Thus far electric cars have not been particularly cheap or ultimately practical financially. Chevy Volts cost about $40,000 and the Nissan Leaf is about $35,000. Even with the hefty $7,500 federal tax credit the electric cars have not been especially cheap to buy.
Mitsubishi has a new electric model named the i-MiEV. MSRP on the iMiEV is $29,125. After the $7,500 tax credit you end up paying $21,625. [edit: Clearly 'cheap' is a relative term. I've never paid over $15,000 for a car myself, but as far as new cars go and cost efficient cars like electrics, this is cheap.]
The $25,547 TCO for the Mitsubishi i-MiEV makes it one of the cheapest cars to operate. In fact it might be the cheapest new car on the market in terms of TCO compared to all gasoline, electric and hybrids.
I found a list of best TCO cars from Kelly Blue Book. They have the Nissan Versa as the cheapest TCO coming in over $29,000. If anyone knows of a cheaper TCO new car, let me know but I can't find one.
Of course you can do better with used cars but I'm trying to compare apples to apples. I like to buy used cars myself and I recommend it as a good frugal tactic. If you wait a few years you might find a good deal on a used electric i-MiEV. But these are brand new models so I can only compare to new to new.
In addition to the federal $7500 credit there are also various states that also have more rebates or tax incentives. Some state incentives are minimal like waiving your license fee or emission testing but some states have large credits. Colorado residents are apparently eligible for up to $6000 or $7500 tax credit. Georgia, Illinois, New Jersey, and Utah have state credits ranging from $3000 to $5000.
On the down side, I don't think the TCO figures in cost to install a 240V charger. Most people will probably want a 240V charging station in their house if possible. The 120V charger takes about 22 hours to charge the car and the 240V charger takes only 7 hours. The charging station costs about $1000 plus installation. Also, I believe the TCO figure would assume a national average electricity cost of 11-12¢ per kWh. Mitsubishi's FAQ says it will cost about $3.60 to go 100 miles assuming 12¢ per kWh. If your electricity is much more or less then that will impact your costs and the TCO.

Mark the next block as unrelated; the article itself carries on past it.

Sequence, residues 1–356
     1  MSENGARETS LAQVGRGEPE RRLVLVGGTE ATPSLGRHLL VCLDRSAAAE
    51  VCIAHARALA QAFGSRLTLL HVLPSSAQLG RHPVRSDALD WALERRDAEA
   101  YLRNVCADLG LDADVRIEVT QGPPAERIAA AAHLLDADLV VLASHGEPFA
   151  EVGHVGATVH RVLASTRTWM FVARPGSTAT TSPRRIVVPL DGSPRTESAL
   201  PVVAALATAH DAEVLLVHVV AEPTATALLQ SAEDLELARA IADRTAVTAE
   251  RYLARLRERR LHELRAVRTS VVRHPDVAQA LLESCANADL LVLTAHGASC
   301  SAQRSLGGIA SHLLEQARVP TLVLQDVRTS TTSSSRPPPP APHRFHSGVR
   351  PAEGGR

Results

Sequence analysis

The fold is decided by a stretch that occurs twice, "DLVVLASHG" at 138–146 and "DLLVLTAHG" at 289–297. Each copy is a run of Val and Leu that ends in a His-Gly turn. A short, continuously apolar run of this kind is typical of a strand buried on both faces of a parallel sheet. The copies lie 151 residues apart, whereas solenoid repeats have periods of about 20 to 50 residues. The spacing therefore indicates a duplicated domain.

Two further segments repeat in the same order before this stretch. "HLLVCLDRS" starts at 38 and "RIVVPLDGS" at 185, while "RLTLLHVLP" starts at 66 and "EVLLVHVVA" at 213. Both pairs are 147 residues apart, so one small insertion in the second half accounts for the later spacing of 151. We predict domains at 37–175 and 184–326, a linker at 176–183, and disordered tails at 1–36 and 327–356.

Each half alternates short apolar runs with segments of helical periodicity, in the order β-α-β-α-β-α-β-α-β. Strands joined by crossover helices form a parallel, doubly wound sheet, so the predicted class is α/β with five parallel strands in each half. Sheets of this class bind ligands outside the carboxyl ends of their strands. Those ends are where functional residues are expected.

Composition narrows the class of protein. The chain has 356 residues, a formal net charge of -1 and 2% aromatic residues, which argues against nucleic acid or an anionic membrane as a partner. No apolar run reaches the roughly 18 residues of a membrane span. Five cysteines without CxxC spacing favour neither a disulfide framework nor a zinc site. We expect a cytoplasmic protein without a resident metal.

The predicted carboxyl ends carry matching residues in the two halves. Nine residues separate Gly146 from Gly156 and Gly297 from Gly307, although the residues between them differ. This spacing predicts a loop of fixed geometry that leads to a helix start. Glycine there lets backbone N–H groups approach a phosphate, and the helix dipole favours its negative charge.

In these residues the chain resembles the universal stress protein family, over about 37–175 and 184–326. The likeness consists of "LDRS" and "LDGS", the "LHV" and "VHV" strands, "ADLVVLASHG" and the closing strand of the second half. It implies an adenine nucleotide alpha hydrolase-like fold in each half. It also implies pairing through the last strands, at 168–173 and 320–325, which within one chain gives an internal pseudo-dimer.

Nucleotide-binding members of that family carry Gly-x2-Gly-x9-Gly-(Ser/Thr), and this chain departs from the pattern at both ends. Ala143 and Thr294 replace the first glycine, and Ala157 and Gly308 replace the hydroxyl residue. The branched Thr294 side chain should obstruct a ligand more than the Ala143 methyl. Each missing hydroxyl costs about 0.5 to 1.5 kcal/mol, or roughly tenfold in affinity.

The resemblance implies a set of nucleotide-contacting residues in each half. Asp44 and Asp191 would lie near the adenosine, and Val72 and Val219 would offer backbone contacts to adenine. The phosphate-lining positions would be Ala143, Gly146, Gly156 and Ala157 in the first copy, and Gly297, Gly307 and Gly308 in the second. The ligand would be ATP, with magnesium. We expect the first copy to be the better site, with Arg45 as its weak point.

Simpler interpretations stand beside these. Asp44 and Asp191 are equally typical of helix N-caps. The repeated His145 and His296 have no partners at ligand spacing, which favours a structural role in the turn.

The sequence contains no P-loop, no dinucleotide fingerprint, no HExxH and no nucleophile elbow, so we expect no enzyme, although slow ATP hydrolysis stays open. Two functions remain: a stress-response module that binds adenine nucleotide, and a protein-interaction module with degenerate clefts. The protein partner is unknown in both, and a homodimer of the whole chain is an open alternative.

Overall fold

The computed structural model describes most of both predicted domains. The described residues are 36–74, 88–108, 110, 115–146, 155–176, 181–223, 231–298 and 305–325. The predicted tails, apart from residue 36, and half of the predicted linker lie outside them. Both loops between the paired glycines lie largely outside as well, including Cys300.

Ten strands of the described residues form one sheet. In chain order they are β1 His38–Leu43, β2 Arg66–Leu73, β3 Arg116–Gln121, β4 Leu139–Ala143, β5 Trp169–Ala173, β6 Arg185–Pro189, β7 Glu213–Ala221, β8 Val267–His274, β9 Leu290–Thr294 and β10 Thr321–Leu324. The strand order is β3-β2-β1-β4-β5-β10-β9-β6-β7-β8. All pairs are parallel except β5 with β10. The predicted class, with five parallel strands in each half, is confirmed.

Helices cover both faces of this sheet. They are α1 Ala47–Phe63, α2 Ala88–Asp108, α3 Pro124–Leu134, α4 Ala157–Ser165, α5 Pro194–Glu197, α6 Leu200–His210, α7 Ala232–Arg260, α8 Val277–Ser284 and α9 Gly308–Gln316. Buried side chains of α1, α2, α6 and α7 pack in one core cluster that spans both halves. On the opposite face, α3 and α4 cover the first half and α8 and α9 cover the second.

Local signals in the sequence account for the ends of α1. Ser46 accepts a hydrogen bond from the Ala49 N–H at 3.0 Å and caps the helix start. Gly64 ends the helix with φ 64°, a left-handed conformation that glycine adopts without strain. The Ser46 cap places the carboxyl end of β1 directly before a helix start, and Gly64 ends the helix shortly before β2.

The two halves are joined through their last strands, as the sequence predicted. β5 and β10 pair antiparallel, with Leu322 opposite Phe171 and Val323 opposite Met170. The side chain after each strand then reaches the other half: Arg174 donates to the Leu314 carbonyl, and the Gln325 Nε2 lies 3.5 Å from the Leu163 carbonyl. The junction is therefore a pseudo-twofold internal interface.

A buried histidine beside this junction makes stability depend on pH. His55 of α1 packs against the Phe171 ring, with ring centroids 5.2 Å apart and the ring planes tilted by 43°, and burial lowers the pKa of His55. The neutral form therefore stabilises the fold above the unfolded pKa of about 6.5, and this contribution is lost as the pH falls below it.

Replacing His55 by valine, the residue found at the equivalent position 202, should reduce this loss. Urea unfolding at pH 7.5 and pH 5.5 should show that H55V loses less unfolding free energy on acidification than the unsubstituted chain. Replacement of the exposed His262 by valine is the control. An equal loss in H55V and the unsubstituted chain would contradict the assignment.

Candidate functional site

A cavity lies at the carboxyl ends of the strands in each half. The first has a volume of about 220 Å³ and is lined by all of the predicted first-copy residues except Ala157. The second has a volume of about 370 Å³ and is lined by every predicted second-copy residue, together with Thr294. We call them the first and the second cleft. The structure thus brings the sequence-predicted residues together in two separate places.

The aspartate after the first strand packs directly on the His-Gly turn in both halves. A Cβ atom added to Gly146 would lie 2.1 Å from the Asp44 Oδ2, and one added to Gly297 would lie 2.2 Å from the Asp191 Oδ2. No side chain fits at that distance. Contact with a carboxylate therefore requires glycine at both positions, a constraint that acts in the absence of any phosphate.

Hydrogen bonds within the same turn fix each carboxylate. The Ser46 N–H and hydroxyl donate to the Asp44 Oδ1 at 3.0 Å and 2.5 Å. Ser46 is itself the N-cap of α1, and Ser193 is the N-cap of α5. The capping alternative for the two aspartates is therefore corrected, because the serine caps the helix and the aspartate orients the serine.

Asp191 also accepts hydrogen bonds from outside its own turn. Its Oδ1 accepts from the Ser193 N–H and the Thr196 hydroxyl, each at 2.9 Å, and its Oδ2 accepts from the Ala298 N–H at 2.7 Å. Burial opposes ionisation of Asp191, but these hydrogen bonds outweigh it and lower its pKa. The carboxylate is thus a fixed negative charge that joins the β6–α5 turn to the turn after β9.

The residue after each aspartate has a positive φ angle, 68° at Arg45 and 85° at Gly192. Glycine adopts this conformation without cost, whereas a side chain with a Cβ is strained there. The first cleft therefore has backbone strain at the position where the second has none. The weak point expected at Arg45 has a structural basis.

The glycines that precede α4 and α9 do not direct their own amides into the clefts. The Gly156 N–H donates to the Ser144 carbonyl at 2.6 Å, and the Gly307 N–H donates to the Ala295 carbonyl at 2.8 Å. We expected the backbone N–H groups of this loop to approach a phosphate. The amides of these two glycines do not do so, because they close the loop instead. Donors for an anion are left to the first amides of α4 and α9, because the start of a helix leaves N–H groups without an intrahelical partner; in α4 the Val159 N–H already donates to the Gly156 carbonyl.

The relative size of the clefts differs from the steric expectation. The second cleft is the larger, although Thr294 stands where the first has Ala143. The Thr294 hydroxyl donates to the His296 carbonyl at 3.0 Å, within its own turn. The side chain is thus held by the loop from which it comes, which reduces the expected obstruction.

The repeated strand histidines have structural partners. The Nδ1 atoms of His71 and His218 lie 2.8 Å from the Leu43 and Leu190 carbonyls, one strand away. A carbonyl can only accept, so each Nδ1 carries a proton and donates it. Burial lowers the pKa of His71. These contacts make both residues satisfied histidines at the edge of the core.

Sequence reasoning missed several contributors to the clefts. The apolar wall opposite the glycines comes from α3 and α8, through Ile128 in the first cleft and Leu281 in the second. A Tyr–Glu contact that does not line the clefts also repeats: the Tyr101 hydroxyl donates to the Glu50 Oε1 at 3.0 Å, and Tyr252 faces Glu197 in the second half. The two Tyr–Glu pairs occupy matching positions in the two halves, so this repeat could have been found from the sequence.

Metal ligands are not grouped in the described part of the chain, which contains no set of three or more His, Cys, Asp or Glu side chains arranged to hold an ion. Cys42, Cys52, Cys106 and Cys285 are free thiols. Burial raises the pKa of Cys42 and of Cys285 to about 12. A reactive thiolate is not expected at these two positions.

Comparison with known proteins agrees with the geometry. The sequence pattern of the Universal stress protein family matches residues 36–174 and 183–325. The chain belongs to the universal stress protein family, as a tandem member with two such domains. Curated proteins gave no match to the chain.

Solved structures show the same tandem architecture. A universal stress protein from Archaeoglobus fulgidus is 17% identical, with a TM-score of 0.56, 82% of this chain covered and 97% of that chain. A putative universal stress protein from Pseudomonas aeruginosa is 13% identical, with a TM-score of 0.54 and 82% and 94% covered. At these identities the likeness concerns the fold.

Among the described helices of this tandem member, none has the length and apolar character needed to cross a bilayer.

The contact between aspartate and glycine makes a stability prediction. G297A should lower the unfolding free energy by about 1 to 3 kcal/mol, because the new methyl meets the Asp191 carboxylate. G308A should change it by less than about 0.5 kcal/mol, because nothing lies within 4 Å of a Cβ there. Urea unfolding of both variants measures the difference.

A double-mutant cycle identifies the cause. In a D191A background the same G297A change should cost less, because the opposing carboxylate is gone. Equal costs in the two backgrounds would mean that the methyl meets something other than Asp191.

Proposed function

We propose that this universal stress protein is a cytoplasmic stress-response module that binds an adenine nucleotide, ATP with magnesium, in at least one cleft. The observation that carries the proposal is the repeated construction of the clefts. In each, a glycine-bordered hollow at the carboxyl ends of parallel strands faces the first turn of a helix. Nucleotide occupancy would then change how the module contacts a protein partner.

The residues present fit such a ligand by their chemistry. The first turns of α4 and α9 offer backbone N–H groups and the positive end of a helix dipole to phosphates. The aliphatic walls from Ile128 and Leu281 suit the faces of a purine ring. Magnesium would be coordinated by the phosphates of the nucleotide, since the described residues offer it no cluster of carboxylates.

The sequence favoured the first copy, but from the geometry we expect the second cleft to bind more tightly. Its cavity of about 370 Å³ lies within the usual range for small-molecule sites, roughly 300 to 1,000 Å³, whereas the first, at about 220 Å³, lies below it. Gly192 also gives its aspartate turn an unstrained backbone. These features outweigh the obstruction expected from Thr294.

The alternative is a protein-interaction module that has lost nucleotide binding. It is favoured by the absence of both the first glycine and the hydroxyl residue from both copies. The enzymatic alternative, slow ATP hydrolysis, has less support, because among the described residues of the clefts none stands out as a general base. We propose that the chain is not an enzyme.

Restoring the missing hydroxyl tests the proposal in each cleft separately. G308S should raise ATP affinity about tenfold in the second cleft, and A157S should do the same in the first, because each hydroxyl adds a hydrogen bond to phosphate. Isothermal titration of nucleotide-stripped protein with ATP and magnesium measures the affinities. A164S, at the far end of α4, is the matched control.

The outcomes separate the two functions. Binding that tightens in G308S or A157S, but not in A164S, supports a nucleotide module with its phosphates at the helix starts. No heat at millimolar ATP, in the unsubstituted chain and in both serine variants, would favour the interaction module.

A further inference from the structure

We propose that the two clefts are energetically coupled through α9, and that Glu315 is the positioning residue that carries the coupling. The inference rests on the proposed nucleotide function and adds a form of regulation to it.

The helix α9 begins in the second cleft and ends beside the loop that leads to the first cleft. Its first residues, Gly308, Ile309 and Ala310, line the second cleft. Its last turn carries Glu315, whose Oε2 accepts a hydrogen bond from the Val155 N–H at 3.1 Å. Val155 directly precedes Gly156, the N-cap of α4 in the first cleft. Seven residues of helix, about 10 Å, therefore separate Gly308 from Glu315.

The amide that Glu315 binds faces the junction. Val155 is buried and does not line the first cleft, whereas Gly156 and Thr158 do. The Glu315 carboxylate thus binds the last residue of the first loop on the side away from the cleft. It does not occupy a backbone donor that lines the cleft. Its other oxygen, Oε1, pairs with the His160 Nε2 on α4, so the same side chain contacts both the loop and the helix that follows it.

Don't Worry about battery life
One of the common complaints or worries about electric cars is the lifespan and replacement cost of the battery. Its reasonable to worry about battery life and costs. But generally with hybrids and electric cars the concerns over battery life is full of misinformation, myth and confusion. The battery in the i-MiEV is backed by a 8 year / 100,000 mile warranty. That means that even if there is a premature problem it will be covered by Mitsubishi. And the fact they are giving such a long warranty is clear evidence that the battery should last.
Its a Small car
The car is a smaller car and does not have a lot of interior space. It is also limited range vehicle and Mitsubishi claims a range of 62 miles but of course that kind of thing varies depending on use. Edmunds has a full review of the i-MiEV. They say they could only get it up to 82 MPH on the freeway. Thats well above the speed limit but if thats the maximum speed it may be difficult to get it up to freeway speeds. The size and power seem much more suited for city use. This car is clearly not to everyone's tastes and needs, but for a lot of people looking for a practical and cheap car that doesn't guzzle gasoline the i-MiEV may suit your needs.
I'm glad to finally see an electric car that is practical financially. I personally like the idea electric cars and hope to see more Americans buying them so we can reduce our dependency on foreign oil. I'm not in the market for a car myself so I won't be buying one. I also have to be honest that I don't know if I'd buy such a small car, but I'd at least consider it as a 2nd commuter car to supplement a full size family car to share between my wife and myself.